* Funeral Pictures

I originally wrote this in October of 2018. This weekend I am going to the funeral of one of my favorite aunts, the eldest daughter of the grandmother I talk about in the essay below. This still resonates deeply with me, so I thought I would share it.


As I was driving to work this morning in Erlanger, Kentucky, a DJ on the local radio station was talking about a situation where she was not sure what the correct etiquette was.  She and her radio partner called up Lizzie Post, the granddaughter of the famous etiquette guru, Emily Post, to get some formal, knowledgeable advice.

The DJ’s situation was this – she attended a family funeral the day before, it was a sudden and unexpected death, someone on her husband’s side of the family.  As they were at the cemetery, she had the urge to take a picture of the scene, which she described as beautiful.  She did not go into details, but I imagine she was talking about the love, family and friends in that scene.  It was a beautiful day yesterday so that may have added to the beauty of the scene.  She was unsure of what the etiquette was and thought about how her husband’s family was a very private family and wondered how they would feel about a picture in this situation.  In the end she decided to not take the picture and just be in the moment.  A great lesson for us all, to be present in the current moment, because that is what truly matters.

I bring up this topic because I had a similar situation and urge to take a picture at my Grandmother’s funeral.  I was lucky enough to have lunch with my grandmother the day before she passed, she was in great spirits and I remember the time fondly, especially since I feel so fortunate that I went to see her.  Who knows how I would remember that whole time if not for that lunch on a Saturday afternoon.  She passed away the next day, Easter, which I think would have pleased her, if she had to go, not many better days than Easter Sunday.  As a side note, that Sunday morning on the way to my parents house was the one and only time I got a 911 page, yes, it was the time before cell phones when we all had pagers.

At my Grandmother’s funeral there was an open casket and my grandmother looked AMAZING.  She looked so beautiful with her hair done, her makeup perfect and a lovely baby blue dress, she really did look like she was just sleeping.  It was a moment I wanted to remember and I wanted to take a picture.  I don’t recall if I had a camera or not, I almost always had one with me in those days (before everyone had one on their phone), but I did not think it would be appropriate, so I did not try and take one.  Later I told my godmother that I wanted a picture and she said, why didn’t you tell me, I would have taken it!!  That was nice to hear, because it made me not feel weird about it.  Another side note, I learned at her funeral that her middle name was Rose, which I never knew, and now I have a very strong affinity for that name.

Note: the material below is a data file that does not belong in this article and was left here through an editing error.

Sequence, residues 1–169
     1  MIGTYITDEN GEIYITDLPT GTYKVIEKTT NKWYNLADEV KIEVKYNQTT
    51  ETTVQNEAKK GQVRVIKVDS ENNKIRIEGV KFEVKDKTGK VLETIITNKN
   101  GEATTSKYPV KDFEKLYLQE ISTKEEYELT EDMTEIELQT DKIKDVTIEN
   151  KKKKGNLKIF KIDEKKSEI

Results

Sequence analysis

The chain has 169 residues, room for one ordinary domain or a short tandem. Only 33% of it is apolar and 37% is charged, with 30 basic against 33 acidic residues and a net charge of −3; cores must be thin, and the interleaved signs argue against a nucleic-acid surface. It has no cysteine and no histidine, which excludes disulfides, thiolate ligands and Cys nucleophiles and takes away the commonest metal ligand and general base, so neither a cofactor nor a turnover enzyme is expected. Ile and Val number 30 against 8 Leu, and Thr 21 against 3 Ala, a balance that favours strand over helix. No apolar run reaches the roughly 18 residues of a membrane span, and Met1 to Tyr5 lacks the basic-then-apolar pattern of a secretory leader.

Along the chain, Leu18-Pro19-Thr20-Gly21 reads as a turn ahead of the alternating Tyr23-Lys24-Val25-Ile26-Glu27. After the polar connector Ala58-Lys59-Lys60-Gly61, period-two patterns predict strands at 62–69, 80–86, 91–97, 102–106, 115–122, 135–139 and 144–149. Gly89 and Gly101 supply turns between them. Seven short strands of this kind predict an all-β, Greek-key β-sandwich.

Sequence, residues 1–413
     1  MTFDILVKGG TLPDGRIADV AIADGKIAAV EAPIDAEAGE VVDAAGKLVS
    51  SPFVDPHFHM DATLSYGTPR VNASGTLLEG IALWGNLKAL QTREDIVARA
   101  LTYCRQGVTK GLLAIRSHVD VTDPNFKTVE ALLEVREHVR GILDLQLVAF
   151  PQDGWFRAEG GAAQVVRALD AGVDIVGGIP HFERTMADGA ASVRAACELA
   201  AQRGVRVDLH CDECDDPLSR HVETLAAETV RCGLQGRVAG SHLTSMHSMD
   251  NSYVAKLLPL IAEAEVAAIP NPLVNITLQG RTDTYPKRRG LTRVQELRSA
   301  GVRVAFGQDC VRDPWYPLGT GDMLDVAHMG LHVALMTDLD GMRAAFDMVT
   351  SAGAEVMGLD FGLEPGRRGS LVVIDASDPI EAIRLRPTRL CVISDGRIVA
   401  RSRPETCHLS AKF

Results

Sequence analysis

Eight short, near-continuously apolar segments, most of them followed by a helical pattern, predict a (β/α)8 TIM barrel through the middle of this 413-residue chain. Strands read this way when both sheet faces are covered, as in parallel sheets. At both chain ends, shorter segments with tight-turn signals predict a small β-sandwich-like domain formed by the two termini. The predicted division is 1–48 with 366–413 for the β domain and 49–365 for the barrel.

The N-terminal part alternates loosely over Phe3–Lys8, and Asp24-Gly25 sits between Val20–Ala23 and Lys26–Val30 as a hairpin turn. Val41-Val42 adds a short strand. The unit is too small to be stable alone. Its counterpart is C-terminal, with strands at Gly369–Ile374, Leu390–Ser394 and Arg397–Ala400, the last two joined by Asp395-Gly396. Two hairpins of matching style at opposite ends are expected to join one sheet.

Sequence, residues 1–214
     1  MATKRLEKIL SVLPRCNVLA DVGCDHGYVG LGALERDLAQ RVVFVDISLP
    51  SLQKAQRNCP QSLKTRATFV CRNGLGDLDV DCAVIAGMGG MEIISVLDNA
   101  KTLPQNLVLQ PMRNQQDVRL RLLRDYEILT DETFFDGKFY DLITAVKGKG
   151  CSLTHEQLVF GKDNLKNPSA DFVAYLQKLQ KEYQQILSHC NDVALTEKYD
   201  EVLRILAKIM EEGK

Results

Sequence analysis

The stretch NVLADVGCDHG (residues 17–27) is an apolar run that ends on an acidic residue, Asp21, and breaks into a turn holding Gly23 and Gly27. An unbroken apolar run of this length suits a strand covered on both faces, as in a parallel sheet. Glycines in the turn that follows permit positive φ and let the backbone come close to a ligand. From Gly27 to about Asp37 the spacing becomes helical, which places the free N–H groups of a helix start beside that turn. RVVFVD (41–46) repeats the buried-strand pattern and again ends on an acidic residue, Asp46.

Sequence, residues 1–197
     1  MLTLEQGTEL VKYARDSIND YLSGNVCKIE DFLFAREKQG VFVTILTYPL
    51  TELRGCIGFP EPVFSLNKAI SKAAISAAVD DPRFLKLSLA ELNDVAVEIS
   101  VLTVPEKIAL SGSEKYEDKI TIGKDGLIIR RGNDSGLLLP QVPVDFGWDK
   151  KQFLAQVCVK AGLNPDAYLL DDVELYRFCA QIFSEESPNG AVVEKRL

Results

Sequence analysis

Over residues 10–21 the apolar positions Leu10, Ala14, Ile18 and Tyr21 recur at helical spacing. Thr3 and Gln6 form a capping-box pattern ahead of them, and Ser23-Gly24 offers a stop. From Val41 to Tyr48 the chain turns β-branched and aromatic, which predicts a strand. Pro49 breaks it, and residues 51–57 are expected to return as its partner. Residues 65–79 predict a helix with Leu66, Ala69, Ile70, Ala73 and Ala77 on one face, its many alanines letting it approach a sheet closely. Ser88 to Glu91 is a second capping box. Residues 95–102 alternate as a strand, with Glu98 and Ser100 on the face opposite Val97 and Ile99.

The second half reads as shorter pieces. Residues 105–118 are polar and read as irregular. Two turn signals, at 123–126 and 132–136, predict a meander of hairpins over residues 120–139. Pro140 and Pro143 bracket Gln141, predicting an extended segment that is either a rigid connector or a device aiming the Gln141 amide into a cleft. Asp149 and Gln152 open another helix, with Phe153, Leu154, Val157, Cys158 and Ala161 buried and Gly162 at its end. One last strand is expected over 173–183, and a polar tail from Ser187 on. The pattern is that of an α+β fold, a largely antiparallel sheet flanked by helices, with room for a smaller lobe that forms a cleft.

I think my situation was a little different than the DJ’s because I wanted the picture for myself, and she thought it was such a great moment she wanted to be able to preserve it and share it, but that really isn’t the point.  The point is to live life in the moment, to be present and experience each moment as fully as possible – which is the decision we both ultimately made.  Clearly, even without my picture, I am able to easily recall the entire experience, even if my memories are a little fuzzy or incorrect, it takes me back to that time and I didn’t need a picture to remember it after all.

Wrapping up the part about the DJ, Lizzie Post said that she really nailed it, she thought about her husband’s family and how they would feel and then decided to just be in the moment.  Just because we can record everything, does not mean we have to and does not mean that we should, let’s try to experience life more, rather than record it.

Comments ( 1 )
  • Judy Hoyt says:

    Sometimes it’s difficult to know what is correct in sensitive situations, especially regarding death and funerals. I think your idea to experience life, rather than record, is a good one. However, it always thrills me to see old photographs that conjure up memories long forgotten. That’s more for the living!

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